On the site today:
Ryan Holmberg continues his march into history with a look at the great cartoonist Sugiura Shigeru (you can read translated comics of his in The Ganzfeld 4 and 5, as well as Raw 7) and his pre-WWII sources. NOTE: Ryan is looking for your help in identifying some of these sources — please comment!
The history of comedy is a notoriously nebulous and difficult subject. Especially when the laughs are half in a foreign tradition. At any rate, it’s more than I can handle competently just now. So what I put together instead was a “visual essay” on Sugiura and Shin Seinen’s cartoons. What follows on the next pages is the result of combing the magazine from 1929 to 1937, at which point it turned strongly pro-war and increasingly anti-Western. This period overlaps with Sugiura’s debut (1932) and early work for Kōdansha’s major youth periodicals (particularly Shōnen Club, Shōjo Club, and the Picture Book series beginning in 1937) as well as his occasional work for Shin Seinen’s junior edition, Shin Shōnen, as well as Shōnen Shōjo Tankai, published by the same Hakubunkan. Some of the comparisons I make are specific, with exact cases of swiping. Others are more general. You can tell me if you find them convincing or not.
Sara Varon takes through another day of her excellent visual diary.
The major news everywhere else is the passing of Ray Bradbury. The NY Times has a fine obituary.
Elsewhere around the internet… there is the good news that Drawn & Quarterly will release Shigeru Mizuki’s classic Kitaro material. Mizuki is a first class cartoonist — I can’t wait.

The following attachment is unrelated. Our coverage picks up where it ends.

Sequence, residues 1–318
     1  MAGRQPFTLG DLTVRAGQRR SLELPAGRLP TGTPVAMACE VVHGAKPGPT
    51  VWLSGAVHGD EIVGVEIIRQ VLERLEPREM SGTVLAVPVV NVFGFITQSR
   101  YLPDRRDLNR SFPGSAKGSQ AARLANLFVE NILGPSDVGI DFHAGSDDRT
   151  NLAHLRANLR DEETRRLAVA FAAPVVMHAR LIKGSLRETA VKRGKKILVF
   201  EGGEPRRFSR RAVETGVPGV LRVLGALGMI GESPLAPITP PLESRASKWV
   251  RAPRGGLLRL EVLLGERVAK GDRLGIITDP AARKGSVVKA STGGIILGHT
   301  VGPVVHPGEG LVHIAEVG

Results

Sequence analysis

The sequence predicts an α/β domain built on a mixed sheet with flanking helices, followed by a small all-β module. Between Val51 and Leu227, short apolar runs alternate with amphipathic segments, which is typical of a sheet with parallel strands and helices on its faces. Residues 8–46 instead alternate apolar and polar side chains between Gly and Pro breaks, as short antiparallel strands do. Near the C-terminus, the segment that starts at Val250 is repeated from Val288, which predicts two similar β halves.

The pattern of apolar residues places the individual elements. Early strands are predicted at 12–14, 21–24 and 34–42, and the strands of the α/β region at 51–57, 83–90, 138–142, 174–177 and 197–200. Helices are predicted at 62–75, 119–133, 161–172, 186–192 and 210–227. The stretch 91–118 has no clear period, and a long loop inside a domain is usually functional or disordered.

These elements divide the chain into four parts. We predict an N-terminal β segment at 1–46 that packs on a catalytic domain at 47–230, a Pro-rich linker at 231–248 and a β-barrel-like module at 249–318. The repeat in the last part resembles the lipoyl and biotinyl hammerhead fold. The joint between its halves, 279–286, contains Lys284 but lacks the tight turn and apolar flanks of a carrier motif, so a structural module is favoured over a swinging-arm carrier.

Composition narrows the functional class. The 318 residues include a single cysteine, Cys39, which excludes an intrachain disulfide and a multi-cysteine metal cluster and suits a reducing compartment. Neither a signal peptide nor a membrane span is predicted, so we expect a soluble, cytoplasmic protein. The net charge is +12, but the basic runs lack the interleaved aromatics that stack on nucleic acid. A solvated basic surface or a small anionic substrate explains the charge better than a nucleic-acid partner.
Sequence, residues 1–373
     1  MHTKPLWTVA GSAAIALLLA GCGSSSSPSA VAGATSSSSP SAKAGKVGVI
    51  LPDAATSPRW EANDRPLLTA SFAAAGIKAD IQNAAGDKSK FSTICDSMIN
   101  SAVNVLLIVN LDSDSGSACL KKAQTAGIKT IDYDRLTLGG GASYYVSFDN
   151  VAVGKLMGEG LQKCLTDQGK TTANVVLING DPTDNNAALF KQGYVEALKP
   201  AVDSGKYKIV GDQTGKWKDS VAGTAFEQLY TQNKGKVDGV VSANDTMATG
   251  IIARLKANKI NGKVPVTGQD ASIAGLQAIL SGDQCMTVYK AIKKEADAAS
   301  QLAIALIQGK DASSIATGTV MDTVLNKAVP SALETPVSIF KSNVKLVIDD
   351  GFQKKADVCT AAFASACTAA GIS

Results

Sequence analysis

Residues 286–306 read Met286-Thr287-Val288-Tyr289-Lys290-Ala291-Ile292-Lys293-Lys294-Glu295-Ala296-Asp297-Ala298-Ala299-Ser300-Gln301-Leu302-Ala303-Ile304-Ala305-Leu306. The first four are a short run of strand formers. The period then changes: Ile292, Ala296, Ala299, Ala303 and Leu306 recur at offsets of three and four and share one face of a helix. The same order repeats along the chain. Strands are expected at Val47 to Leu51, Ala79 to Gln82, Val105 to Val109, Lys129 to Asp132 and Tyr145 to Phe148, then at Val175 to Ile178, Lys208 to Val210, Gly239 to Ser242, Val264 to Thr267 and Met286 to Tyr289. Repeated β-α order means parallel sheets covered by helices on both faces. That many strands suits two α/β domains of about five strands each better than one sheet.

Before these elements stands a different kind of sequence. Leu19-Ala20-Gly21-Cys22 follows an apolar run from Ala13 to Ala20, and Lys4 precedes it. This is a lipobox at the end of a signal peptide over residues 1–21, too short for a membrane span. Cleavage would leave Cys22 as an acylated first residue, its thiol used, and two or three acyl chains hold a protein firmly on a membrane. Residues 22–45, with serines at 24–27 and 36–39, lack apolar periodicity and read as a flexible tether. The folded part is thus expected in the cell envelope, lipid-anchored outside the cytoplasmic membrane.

Excellent cartoonist, late of Conan, Becky Cloonan is interviewed about a recent self-publishing effort over at The Beat.
Daniel Best has a 1975 Jim Steranko interview with some fine nuggets, like this one on Frank Robbins…
I know Frank; he’s a terrific artist, but for some reason he doesn’t seem to have the fan following that he warrants. But believe me when I tell you that there are very few artists who have the cinematic approach of Robbins, especially in his Johnny Hazard strip. I collect Robbins stuff, the forties right on through. His cinematic approach is incredible. Even more perhaps than Milton Caniff, even though he works in that Caniff or Sickles style. I think he deserves more credit than most fans give him. Sometimes fans think a lot of little lines makes good artwork, but it doesn’t. He’s a guy who really knows how to tell a story. Maybe like you I’ve been disappointed with his comic book work, but you have to remember you can’t turn out a masterpiece in a week.